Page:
In Nefesh Chaya, Rav Pincus develops this idea even further. He compares man to the sun, a generator of light and energy. Indeed, the man radiates Torah and mitzvos.

A woman is compared to the moon. She doesn’t generate her own light; she reflects what she turns toward. A woman who turns to spiritual pursuits, making Hashem the focus of her life, will reflect Him.

Let’s explore this in greater depth.

Say you have two items on the wall: a mirror and a portrait of the Chofetz Chaim. Which one is has greater spiritual significance? It depends what the mirror reflects. If the mirror reflected a cat sitting on the stairs, the portrait would be greater. But if the mirror showed the reflection of Yehoshua Bin Nun, the mirror would obviously carry the day.

Women, built with the capacity to reflect and then shine the light they have received, have a choice. If they reflect Torah ideals and values, they can reach even higher levels than men, who are confined by their own limitations.

Women, then, have been given an awesome responsibility: to constantly assess the source of their light. To be aware of what they reflect, and focus their energy on meaning and spirituality. Their compass needs to be constantly finely attuned for them to live the life that Hashem had envisioned. In this way, a woman will receive her kedushah directly from Hashem — she’s an expression of Hashem’s ratzon. This brachah challenges a woman to lead her day as a reflection of the Will of Hashem.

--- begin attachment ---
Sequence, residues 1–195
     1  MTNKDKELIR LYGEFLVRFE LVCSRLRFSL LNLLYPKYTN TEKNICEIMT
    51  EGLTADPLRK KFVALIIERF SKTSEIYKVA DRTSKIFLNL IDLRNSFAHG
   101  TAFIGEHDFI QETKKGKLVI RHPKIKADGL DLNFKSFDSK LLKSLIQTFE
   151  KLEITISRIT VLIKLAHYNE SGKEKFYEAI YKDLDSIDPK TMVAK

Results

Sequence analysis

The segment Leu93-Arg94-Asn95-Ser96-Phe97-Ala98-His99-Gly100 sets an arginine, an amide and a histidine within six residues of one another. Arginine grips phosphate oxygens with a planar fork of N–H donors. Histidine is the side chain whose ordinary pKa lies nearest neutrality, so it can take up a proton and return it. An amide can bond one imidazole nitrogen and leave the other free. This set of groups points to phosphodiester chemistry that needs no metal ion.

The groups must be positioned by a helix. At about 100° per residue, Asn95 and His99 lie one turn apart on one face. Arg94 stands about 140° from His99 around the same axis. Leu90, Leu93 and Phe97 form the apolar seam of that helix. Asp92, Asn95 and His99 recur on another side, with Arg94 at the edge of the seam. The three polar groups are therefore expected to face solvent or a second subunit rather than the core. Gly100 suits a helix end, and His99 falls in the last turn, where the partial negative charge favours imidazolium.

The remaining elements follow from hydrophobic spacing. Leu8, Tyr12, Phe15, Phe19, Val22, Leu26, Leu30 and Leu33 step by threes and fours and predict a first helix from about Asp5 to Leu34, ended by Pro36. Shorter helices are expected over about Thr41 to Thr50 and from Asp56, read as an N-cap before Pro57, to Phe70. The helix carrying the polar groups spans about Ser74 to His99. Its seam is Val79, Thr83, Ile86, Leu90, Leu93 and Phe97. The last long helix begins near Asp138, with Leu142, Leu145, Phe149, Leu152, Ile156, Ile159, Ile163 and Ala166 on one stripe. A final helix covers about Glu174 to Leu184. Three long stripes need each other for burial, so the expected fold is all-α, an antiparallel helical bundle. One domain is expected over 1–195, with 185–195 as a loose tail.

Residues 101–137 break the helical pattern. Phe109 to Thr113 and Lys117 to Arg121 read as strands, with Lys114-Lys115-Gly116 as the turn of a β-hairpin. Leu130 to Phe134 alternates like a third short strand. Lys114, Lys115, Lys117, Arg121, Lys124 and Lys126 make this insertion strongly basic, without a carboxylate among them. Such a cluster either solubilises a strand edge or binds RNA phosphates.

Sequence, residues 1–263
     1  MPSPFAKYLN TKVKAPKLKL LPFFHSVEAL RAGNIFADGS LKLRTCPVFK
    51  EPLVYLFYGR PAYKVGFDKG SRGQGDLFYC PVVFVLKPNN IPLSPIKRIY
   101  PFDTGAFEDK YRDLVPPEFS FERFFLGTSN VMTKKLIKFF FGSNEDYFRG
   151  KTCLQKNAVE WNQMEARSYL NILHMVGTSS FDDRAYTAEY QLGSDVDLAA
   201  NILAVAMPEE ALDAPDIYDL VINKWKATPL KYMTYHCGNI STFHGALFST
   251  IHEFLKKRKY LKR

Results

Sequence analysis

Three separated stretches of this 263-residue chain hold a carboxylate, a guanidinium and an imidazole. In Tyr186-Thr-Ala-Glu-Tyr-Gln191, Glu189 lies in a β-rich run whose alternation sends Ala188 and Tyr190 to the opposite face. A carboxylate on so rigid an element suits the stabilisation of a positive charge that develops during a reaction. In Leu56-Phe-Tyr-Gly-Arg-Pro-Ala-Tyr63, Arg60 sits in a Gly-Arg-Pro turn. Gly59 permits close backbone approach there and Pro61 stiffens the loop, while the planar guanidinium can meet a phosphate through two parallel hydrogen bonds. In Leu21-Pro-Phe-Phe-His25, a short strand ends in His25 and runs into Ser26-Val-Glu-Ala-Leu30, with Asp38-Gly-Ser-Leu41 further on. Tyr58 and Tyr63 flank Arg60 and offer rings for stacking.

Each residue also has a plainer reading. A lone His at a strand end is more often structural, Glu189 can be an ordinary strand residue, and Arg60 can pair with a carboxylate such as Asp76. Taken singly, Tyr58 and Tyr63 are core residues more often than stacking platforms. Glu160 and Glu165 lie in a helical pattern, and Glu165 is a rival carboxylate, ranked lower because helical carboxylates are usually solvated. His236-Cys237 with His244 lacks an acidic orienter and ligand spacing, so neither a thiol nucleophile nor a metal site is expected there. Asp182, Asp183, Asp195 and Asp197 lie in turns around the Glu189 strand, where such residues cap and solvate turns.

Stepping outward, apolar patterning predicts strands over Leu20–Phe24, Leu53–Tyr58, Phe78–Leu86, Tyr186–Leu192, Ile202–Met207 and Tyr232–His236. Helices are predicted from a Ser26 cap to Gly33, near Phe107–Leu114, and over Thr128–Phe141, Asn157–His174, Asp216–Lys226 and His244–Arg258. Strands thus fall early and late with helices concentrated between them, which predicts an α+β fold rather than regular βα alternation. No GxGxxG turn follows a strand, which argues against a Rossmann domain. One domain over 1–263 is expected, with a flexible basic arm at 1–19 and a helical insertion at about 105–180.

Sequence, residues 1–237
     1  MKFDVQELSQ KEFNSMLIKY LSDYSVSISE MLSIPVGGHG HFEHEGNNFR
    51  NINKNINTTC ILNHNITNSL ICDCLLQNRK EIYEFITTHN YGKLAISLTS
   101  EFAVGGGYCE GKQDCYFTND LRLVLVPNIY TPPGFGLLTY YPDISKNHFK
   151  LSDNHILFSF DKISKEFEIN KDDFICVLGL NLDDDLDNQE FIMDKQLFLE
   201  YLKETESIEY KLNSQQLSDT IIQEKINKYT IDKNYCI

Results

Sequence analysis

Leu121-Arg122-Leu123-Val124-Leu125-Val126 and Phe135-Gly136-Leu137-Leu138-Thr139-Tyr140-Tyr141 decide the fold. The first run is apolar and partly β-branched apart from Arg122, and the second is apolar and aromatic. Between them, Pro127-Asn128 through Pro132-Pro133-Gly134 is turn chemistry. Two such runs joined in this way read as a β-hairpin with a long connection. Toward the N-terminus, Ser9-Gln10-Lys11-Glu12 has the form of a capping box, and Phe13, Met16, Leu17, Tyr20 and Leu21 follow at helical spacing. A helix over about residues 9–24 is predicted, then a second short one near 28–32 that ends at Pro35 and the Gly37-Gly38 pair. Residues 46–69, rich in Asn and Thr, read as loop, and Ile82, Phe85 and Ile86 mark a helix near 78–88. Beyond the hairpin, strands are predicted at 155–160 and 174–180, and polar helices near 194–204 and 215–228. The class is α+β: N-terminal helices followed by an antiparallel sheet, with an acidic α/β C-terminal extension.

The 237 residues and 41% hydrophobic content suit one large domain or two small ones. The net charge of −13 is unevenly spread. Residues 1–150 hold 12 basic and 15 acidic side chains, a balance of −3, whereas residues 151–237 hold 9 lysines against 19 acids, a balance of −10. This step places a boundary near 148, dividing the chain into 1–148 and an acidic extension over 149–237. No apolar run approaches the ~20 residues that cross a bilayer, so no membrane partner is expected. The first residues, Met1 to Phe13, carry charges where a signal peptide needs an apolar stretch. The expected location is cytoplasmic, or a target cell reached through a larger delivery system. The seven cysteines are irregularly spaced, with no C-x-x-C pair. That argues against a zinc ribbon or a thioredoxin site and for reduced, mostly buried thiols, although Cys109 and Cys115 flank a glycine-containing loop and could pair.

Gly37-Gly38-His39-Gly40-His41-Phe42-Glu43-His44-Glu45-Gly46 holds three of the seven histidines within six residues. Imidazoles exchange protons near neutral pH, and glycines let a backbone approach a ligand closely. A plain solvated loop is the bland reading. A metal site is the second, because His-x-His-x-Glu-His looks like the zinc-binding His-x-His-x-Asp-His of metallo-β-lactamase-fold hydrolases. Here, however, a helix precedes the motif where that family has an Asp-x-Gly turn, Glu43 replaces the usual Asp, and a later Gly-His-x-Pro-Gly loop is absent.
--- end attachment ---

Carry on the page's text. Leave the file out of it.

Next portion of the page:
The Giving Role

Rav Avrohom Schorr in Halekach Vehalebuv offers another understanding of the words “she’asani kirtzono.” He explains that Hashem created the world with the purpose of giving and helping others. The giving role is the role Hashem desires for all humanity. The pasuk in Tehillim clearly states “ki… olam chesed yibaneh” (89:3), the world is built and predicated on doing acts of kindness to one another. Women were given a special connection to this. Women were created to help, encourage, and support their families, friends, communities, and the entire Jewish world.

The significance of the first sin was that woman, designed as a helper, was the one who brought man and ultimately all the world down to the abyss. Every morning, when women say this brachah, they’re reminded of the role Hashem has envisioned for them. Whether in the home or in the community, women need to maintain their knowledge that their raison d’être is to be a giver, a helper, the vision of the ultimate Will (kirtzono) Hashem intended in creating the world. To be a giver is to wear a badge of pride: In reaching out and giving of our selves, whether physically or emotionally, we’re fulfilling the task that Hashem envisioned for us. In doing so, we’re remaining true to our most authentic feminine selves. (Originally featured in Family First, Issue 576)